Cathy Chidester, director of the Los Angeles County Emergency Medical Services Agency, says most local areas operate under similar principles. When someone places a 911 call, the dispatcher contacts the ambulance company responsible for the zone in which the patient is located. As with other counties nationwide, Los Angeles ambulances go to the closest hospital best geared for the treatment being sought. (2)
When hospitals are comparable in their method of treatment being sought, the 911 transport should go to the closest hospital. How can GAMC be getting over 60% of the medical transport, when GMH is in the Top 3 for California Cardiac Care, and has been ranked in America’s 50 Best Hospitals (top 5%) and was voted Glendale’s best Hospital in 2013 (Glendale News Press)? If the response time, after a 911 call is received, is a crucial element to a patients survival, who is in cardiac arrest, isn’t it equally important for the delivery time to be critical considering the risks associated with a longer delivery time.
Los Angeles City Atty. Mike Feuer has filed a lawsuit accusing Glendale Adventist Medical Center of dumping mentally ill and disabled homeless patients on L.A.’s skid row. Hospital officials “strongly disagree” with the allegations, but are working with the city attorney to resolve the matter. LA City attorney spokesman Rob Wilcox said settlement negotiations were underway. Even though GAMC is a 515 bed acute hospital, the L.A. County Department of Mental Health designated the facility to admit and treat mentally ill patients brought in on involuntary detention holds, city prosecutors said in the suit. The LA Times says the Los Angeles City Attorney sued Glendale Adventist Medical Center, alleging that over the past four years it transported mentally ill and homeless patients without their consent, dumping homeless patients in Downtown skid row, known for poverty and crime. (3) Based on the forgoing, this begs the question, what was the compelling reason for GAMC to dump homeless in downtown Los Angeles skid row, after it was well established that the LA City attorney was going after hospitals who specially violated this law .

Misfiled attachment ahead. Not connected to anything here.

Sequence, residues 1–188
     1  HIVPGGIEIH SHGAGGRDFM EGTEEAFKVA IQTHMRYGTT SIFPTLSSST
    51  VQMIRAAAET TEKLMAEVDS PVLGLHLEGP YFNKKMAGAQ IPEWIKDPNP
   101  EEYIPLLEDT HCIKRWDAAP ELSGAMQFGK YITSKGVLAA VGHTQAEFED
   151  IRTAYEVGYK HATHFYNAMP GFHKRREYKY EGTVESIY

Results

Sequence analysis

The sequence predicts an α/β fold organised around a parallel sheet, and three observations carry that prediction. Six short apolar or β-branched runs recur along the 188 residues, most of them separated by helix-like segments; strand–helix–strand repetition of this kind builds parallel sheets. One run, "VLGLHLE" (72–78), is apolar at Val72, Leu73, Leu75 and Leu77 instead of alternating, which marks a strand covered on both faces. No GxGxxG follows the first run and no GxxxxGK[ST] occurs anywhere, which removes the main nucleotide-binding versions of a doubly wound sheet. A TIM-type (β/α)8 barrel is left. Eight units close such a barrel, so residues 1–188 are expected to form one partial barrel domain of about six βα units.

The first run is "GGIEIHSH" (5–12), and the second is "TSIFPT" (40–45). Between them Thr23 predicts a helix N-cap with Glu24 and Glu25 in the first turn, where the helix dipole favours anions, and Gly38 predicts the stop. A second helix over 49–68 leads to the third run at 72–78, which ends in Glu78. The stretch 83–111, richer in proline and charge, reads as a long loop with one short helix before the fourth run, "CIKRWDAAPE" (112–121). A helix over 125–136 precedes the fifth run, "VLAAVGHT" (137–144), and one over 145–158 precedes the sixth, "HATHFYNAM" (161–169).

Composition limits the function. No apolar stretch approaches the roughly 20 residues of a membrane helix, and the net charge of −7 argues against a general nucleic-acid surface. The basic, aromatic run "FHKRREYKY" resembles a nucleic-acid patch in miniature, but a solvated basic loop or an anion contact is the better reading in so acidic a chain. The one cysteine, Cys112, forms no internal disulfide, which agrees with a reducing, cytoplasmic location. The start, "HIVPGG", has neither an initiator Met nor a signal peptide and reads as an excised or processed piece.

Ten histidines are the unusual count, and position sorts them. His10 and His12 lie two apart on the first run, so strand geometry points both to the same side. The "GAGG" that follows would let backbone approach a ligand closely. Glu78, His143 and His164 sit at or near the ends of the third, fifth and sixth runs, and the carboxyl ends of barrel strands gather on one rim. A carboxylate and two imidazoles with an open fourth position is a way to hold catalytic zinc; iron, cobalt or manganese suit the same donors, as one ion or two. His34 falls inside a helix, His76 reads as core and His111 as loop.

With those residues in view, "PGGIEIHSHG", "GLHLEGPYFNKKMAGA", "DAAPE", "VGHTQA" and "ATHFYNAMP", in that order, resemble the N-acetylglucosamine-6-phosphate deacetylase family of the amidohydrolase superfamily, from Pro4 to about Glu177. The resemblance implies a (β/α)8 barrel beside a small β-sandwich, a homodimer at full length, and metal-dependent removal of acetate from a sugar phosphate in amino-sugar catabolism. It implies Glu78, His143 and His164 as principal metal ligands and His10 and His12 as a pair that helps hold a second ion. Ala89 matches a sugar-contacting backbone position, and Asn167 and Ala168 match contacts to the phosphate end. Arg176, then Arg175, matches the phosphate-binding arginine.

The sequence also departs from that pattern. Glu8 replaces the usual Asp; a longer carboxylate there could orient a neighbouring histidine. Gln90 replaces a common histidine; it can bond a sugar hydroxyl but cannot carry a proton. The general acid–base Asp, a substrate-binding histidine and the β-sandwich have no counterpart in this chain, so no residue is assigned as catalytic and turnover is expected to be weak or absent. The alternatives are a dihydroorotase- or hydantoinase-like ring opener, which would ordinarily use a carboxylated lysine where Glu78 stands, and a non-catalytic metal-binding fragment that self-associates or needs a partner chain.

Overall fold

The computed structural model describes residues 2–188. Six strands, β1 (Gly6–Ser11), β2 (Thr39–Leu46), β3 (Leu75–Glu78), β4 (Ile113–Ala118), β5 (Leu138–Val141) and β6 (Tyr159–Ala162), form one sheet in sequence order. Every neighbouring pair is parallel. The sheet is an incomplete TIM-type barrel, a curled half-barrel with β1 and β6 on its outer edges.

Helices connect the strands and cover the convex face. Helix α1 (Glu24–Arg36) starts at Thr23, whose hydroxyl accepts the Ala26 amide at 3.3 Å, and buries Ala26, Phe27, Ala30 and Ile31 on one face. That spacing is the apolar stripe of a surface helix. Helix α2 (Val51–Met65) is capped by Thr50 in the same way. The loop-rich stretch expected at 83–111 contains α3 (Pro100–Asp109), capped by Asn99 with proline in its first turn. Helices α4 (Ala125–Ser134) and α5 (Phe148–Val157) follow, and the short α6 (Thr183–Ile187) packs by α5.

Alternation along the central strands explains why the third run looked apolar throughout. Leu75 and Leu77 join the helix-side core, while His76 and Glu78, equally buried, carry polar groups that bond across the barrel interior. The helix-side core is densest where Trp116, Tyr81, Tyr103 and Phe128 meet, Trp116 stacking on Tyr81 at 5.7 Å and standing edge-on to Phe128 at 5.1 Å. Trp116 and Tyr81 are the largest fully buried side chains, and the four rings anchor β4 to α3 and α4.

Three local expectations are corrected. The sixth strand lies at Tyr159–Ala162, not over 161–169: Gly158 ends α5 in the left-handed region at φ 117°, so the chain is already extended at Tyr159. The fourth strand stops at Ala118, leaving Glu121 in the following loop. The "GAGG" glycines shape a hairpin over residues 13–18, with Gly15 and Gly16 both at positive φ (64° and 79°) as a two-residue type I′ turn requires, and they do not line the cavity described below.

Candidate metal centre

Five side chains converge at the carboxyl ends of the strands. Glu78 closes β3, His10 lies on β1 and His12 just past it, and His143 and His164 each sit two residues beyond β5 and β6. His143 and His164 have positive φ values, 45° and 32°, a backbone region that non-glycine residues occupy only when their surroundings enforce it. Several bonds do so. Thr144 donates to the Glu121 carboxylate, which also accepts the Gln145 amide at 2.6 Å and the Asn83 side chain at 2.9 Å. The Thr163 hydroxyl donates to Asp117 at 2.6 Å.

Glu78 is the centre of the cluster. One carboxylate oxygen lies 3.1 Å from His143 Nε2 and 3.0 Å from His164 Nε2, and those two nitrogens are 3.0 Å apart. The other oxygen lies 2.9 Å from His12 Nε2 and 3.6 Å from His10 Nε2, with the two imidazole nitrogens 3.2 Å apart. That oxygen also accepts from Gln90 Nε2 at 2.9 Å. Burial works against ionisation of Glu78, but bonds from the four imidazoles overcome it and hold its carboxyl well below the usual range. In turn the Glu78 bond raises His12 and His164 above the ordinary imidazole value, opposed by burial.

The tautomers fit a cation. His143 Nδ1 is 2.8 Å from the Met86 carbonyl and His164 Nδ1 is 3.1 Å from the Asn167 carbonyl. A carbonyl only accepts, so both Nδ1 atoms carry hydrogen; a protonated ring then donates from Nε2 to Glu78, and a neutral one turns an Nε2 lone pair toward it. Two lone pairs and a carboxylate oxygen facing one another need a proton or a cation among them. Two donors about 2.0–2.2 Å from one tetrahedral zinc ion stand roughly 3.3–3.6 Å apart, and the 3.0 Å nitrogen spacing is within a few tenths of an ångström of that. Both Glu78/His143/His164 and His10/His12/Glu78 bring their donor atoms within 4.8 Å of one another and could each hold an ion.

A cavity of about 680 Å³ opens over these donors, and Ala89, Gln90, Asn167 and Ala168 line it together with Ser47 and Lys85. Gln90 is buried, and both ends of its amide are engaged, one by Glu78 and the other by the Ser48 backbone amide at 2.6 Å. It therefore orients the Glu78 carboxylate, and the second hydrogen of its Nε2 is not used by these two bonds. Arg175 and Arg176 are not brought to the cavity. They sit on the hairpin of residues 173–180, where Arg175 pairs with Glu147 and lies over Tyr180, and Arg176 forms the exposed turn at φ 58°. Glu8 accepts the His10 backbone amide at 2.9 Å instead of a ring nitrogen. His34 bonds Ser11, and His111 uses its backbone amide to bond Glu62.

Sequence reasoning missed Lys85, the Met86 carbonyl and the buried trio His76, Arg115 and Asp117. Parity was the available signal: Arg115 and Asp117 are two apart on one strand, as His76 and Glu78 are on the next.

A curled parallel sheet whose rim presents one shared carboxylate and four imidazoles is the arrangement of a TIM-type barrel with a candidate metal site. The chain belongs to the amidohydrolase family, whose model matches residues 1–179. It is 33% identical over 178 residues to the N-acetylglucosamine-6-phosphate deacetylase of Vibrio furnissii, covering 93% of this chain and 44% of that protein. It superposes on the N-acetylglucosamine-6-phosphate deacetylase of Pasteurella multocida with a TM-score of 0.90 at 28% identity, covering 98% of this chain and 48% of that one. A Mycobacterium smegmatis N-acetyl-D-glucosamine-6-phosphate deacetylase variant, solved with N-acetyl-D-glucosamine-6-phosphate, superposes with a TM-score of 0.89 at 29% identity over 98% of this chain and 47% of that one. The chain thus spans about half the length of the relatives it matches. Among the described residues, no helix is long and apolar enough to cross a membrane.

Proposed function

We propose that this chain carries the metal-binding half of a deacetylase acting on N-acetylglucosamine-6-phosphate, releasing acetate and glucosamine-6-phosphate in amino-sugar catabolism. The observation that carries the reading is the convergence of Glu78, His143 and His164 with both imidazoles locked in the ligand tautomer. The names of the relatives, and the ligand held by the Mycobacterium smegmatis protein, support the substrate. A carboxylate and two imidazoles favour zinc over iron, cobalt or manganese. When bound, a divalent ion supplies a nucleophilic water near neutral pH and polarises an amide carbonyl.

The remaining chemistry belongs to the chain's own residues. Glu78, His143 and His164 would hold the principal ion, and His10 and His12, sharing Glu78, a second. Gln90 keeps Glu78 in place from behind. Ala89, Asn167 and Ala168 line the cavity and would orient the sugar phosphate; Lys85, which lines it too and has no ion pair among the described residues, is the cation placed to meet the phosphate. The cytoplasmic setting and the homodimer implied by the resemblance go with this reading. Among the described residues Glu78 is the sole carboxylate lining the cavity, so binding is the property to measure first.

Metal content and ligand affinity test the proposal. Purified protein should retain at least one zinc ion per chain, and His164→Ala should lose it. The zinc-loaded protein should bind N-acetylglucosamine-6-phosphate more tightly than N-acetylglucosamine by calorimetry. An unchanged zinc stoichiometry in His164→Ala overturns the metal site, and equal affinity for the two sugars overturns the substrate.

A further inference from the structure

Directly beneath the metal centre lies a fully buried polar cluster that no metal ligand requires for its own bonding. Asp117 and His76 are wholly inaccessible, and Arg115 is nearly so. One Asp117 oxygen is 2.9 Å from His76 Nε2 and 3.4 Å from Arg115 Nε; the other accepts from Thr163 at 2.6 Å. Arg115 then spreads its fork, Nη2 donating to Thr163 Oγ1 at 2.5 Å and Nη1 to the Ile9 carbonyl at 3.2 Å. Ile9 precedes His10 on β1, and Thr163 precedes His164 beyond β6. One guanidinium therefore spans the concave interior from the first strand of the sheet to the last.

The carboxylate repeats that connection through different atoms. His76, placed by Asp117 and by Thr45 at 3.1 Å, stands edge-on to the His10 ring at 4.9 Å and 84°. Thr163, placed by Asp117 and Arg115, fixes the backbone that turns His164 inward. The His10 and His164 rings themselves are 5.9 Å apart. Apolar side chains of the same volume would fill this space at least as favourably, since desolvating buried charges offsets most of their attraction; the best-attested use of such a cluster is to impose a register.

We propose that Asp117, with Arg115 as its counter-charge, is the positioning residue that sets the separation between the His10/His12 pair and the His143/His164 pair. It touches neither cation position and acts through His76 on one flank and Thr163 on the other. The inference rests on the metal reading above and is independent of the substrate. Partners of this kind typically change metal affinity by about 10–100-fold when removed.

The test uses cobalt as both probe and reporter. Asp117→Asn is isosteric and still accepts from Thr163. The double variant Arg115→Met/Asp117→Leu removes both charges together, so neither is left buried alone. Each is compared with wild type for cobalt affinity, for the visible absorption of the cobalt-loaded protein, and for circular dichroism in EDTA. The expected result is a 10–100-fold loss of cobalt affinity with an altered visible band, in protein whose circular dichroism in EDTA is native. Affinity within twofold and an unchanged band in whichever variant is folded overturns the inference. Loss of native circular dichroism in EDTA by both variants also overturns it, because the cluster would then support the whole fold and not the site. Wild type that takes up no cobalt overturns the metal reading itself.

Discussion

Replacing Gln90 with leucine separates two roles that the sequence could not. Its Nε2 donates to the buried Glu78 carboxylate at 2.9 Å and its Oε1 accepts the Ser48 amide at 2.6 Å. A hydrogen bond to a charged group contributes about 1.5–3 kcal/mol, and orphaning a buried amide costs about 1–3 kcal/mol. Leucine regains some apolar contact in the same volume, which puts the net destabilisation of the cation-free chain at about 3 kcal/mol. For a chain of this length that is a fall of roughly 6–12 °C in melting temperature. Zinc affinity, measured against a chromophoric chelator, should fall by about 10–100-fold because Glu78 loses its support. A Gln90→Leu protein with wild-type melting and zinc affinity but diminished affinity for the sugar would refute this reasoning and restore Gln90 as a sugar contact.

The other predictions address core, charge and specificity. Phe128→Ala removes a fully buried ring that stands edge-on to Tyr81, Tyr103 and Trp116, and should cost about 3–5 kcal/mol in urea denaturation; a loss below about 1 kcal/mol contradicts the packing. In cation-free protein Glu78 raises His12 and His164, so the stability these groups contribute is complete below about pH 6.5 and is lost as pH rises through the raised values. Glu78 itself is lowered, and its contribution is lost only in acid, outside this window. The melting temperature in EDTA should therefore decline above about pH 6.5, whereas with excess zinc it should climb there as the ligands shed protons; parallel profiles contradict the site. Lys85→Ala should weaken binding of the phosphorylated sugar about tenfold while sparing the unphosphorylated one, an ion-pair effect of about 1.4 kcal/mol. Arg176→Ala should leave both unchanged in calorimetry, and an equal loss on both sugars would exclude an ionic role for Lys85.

Note- The GFD has applied to the County and the State EMSA to participate in two of the pilot studies. Specifically, to transport patients who meet the agreed upon protocols to destinations other than emergency rooms. The second pilot will consist of the follow-up component for specific chronically ill patients that have been recently discharged from hospitals. (4)
Another area of concern is also known as “Wall Time”. When the Fire Department ambulance crews bring a patient to a hospital, the crew stays with the patient until the patient is admitted — that’s required by a state law prohibiting “patient abandonment.” In many cases, the wait is short: with the crew back at work after 10 or 15 minutes of filling out paperwork. Yet other times, a patient arrives with minor injuries or problems, and has to wait for a bed, sometimes for hours. When the ambulance crew has a long wait, it’s called “wall time” because the crew is either leaning against the wall or hold up the wall awaiting to be released. Hospital bed shortages delayed Los Angeles Fire Department ambulance crews nearly 37,000 hours in 2013 in wall time, costing the city about $6 million. Moreover, the number of hours spent by Los Angeles ambulance personnel stuck in waiting rooms increased by nearly 30% from 2012 to 2013. When ambulance crews wait at the hospital, they’re put out of commission, unavailable to respond to other emergencies, so response time increases and a person in genuine crisis may lose precious minutes before help arrives. (5)